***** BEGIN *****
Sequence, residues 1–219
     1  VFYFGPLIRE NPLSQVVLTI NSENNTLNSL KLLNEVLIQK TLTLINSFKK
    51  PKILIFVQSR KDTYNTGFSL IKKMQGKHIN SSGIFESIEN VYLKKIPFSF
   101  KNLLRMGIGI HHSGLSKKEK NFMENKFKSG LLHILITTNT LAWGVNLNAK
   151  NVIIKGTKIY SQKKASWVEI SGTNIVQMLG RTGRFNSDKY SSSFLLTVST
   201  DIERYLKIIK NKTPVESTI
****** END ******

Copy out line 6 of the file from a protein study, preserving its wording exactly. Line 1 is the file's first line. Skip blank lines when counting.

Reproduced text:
   201  DIERYLKIIK NKTPVESTI